A Gilead Sciences exec took on pharmacy benefits managers earlier this week, claiming that PBMs are the driving force behind high drug prices. That didn't sit well with Express Scripts, the world's largest in that field—and a top exec quickly struck back.
Express Scripts caught wind of recent statements made by Jim Meyers, Gilead’s EVP of worldwide commercial operations, and the PBM not only disputed Meyers' blame for Gilead's pricing but also demanded a dramatic repayment on the company's pricey hep C treatments.
The argument comes as PBMs face unprecedented scrutiny for their role in the drug supply chain. Critics accuse the companies—which negotiate reimbursement deals on drugs on behalf of their employer clients—of incentivizing price increases. Swelling drug rebates enrich PBM revenue and the savings is typically shared with the companies' clients, they say, while consumers pay their share based on list prices and increasing drug costs drive up insurance premiums.
This particular skirmish started when Meyers told Bloomberg that PBMs count on high drug prices to trigger rebates that fill their own coffers. Meyers said he’s never “met, in this entire experience, a PBM or a payer outside of the Medicaid segment that preferred a price of $50,000 over $75,000 and a rebate back to them.”
Responding in a letter to Gilead CEO John Milligan, Express Scripts’ SVP of supply chain and specialty Everett Neville wrote that the drug company sets its own prices. Back in 2014 and 2015, Gilead came under intense criticism for its $84,000 and $94,500 list prices for hep C cures Sovaldi and Harvoni, respectively.
According to Neville, Gilead “only reduced the price ... for employers and health plans once Express Scripts preferred another curative therapy.”
“In none of those scenarios does Express Scripts keep the price high,” he wrote. “You do.”
Now, Express Scripts wants to see Gilead repay all costs above $50,000 per treatment with Sovaldi since its launch. The PBM giant also wants Gilead to set its wholesale acquisition cost—essentially its list price—for hep C meds Harvoni, Sovaldi and Epclusa at $50,000, and waive penalties for including Merck’s competing Zepatier on its formulary.
“If you’re saying that the drug really is worth about $50,000, then it’s only right to make sure payers are made whole for overpaying,” Neville continued.
A Gilead spokesperson declined to comment on the letter.
It’s the latest, and perhaps the most direct, dispute between two companies operating in separate segments of the industry. Amid the controversy over drug price increases last year, attention began shifting to PBMs when Mylan CEO Heather Bresch—under fire for EpiPen price hikes—said drug middlemen were at least somewhat responsible for high prices.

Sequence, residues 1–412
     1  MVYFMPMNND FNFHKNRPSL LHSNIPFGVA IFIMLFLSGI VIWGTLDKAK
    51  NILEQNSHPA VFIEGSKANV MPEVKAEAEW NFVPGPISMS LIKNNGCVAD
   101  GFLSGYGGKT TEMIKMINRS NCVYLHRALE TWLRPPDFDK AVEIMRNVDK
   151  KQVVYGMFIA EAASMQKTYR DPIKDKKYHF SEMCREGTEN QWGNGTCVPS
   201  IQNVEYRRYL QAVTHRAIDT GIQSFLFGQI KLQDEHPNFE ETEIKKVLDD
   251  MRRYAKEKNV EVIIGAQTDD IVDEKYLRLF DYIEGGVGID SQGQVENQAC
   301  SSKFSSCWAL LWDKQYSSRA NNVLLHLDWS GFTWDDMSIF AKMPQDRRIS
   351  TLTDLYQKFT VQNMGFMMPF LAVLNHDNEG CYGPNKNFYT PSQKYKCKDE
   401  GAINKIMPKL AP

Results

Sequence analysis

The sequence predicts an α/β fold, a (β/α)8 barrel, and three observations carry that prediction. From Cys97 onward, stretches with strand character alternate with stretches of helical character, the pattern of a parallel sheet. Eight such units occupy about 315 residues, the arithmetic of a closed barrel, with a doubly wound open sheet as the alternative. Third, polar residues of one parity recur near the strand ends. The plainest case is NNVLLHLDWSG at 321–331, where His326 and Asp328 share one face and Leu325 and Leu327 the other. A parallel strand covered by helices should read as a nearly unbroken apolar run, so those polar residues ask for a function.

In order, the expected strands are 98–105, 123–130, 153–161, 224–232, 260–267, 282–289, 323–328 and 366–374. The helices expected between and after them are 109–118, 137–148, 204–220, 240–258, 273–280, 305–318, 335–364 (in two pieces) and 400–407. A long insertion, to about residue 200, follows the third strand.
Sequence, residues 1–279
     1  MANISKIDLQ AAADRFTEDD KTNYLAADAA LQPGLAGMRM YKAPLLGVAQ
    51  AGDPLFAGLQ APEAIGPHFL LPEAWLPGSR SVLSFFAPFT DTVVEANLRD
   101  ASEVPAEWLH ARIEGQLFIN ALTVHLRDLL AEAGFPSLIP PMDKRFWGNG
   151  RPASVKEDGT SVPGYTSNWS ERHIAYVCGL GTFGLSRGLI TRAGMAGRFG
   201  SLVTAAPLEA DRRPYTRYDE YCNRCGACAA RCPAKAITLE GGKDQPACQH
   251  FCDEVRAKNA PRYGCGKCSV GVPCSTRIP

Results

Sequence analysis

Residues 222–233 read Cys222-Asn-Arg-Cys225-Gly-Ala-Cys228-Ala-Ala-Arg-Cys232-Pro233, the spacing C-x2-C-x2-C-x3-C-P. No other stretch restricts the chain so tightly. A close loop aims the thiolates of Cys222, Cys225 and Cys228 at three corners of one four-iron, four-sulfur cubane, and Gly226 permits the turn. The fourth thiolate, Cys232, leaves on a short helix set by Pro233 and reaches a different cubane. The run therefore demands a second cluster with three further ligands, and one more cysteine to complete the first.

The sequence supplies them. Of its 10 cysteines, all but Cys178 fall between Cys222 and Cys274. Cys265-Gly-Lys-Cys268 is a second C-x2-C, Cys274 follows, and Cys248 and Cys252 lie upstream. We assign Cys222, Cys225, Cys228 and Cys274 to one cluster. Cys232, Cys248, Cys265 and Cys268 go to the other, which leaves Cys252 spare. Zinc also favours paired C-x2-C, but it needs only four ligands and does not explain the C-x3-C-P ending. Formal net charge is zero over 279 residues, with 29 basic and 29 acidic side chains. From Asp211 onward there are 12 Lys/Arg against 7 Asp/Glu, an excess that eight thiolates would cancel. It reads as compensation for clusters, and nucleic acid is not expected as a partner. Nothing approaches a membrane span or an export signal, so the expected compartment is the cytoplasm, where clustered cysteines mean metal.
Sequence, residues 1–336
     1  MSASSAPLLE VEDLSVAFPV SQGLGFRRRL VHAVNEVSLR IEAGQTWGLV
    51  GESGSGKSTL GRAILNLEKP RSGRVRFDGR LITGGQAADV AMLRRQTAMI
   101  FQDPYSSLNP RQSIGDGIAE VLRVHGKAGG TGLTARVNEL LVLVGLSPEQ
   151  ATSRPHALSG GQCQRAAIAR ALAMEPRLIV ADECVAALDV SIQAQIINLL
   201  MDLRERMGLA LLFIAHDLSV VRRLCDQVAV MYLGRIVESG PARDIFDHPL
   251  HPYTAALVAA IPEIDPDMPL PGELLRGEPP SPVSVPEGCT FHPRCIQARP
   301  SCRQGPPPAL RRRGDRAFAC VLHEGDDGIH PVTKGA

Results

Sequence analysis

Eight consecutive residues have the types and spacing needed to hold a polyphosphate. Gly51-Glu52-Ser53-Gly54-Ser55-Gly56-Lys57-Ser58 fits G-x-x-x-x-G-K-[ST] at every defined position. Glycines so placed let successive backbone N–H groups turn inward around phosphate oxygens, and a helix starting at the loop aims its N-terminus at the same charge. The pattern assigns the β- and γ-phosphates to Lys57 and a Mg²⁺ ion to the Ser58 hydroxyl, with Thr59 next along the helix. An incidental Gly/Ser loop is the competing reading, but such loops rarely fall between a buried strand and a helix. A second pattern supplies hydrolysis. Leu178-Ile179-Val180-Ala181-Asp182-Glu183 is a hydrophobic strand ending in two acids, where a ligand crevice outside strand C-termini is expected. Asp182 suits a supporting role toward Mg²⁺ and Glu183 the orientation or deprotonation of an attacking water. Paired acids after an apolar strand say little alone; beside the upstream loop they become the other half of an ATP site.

Since then, the National Community Pharmacists Association has called for an investigation into PBMs and Rep. Buddy Carter called the groups the “man behind the curtain” in drug pricing.
But PBMs won’t take the scrutiny without pushing back themselves. Their industry group, the Pharmaceutical Care Management Association, has its own set of proposals, and has been “meeting with key stakeholders all over Washington,” CEO Mark Merritt recently told FiercePharma.
The group’s ideas would cut $100 billion in drug spending over 10 years, according to its calculations. Among its proposals are a shortened biologic exclusivity period, an end to the direct-to-consumer advertising tax deduction, and more biosim and generic use overall.
Back during the launch of new, expensive hep C meds from Gilead and others, Express Scripts’ chief medical officer Steve Miller said tough negotiations—started by Express Scripts—saved U.S. payers $4 billion on the drug class in one year.
Since then, as industry-watchers know, Gilead’s hep C sales have taken a hit to the point where Milligan recently said the company can’t grow without M&A.
Last year, Gilead turned in $30.39 billion in total revenues, a 7% fall from 2015’s $32.6 billion. What’s more, the company is predicting total revenues for 2017 between $22.5 billion and $24.5 billion. If it hits the midpoint, that’d be a 22% fall from 2016.
Harvoni sales slipped 34% last year compared to 2015, while Sovaldi dropped by 24%. Together, the meds lost $6 billion in sales versus the prior year. Now, for 2017, Gilead expects total hep C sales of $7.5 to $9 billion, representing a steep falloff after the products reeled in $14.8 billion last year.
A Gilead spokesperson told FiercePharma last month that “due to increased competition in the marketplace, the actual price paid across all payers has decreased by more than 50%” for Harvoni.
“Today, the volume weighted average price for Harvoni is less than $15,000 per bottle,” he said. “For Medicaid, the average price per bottle is now less than $10,000 for states that provide open access to all patients regardless of fibrosis score. Many patients can be cured in eight weeks, meaning only two bottles are required for a full treatment course.”